Known as the monks' lavatory, this long, shared basin - or lavatorium - can be found in the cloisters along the north walk of Gloucester Cathedral. It would have had fresh water running along the trough with multiple sink outlets.
Pevsner’s Architectural Glossary (second edition) was published by Yale University Press in 2018. It defines a lavatorium as: ‘A washing place adjacent to the refectory or dining hall in an abbey or monastery’. A lavatorium may also be referred to as a laver or lavatory. The plural of lavatorium is lavatoria.
The purpose of a lavatorium was to give monks the ability to complete their handwashing prior to meals.
Some lavatoria were fashioned as long troughs situated under cover and in close proximity to the refectory. Others were constructed as fountains in covered courtyards. Modest lavatoria were also provided as basins in separate rooms that had been designated for that purpose. The basins and troughs were frequently lined with lead and included drains to remove dirty water.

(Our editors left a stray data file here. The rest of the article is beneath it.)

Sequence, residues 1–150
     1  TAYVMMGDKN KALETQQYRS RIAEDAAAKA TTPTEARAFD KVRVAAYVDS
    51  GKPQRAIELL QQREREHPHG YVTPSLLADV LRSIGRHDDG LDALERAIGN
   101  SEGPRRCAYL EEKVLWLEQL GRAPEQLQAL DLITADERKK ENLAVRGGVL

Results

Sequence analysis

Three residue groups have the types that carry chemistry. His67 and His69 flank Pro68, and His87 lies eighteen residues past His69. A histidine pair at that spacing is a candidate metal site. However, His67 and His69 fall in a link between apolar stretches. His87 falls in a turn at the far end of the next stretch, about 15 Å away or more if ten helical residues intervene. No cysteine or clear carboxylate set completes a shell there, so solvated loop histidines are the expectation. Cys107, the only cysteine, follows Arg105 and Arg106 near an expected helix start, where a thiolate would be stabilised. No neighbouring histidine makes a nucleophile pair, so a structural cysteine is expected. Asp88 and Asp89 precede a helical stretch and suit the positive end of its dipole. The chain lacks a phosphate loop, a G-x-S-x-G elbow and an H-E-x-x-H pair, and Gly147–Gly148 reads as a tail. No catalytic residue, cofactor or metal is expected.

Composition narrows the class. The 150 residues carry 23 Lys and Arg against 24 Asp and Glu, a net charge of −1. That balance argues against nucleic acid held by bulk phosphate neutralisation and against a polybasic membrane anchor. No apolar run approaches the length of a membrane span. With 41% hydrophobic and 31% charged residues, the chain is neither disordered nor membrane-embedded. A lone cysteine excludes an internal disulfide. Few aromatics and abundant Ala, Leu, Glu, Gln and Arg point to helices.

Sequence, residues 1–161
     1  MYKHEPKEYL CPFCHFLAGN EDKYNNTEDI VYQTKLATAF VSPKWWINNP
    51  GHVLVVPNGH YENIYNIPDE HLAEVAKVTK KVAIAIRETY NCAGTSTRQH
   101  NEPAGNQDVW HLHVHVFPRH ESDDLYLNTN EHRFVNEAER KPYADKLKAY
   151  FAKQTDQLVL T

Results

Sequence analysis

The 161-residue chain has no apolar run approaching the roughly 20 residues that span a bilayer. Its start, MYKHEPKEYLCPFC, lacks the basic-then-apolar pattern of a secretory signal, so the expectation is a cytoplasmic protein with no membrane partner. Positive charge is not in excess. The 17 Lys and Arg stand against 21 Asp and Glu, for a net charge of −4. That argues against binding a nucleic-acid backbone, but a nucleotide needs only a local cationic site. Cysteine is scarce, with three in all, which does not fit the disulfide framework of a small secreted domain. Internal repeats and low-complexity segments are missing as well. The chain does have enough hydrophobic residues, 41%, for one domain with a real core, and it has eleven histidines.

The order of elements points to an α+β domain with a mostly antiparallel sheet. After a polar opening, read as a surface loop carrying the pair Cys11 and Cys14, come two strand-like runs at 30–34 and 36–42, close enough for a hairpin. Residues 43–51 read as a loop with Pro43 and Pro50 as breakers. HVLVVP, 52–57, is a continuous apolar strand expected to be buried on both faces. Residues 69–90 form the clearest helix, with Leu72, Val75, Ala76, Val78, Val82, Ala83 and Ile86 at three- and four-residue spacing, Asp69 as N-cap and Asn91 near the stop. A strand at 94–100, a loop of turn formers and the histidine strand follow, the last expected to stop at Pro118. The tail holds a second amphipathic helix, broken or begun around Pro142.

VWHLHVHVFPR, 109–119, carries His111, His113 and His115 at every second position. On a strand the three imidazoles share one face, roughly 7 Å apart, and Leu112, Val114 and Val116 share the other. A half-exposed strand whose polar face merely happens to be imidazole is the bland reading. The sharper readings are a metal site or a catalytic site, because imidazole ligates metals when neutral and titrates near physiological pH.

Lavatorium were also used by monks for shaving purposes, and may have been used during certain ceremonial occasions (such as those associated with acts of humility).
Clean towels were kept in cupboards referred to as aumbries. There was a person in charge of changing the towels in the aumbries, cleaning the lavatorium and maintaining the shaving supplies for the monks. That refectorian (or refectoror) was known as the fraterer; he was also responsible for maintaining supplies and cleanliness associated with the refectory or dining room.
 Decorative aspects of lavatorium
Carved panels were sometimes installed in lavatoria as decorative features.
In Gloucester Cathedral, the long lavatorium is located within the 16th century cloisters situated to the north of the nave of the building. This washing room is decorated with a modest version of the elaborate, fan vaulted ceiling of the nearby cloisters. It also includes Victorian stained glass windows that capture Biblical scenes associated with water.
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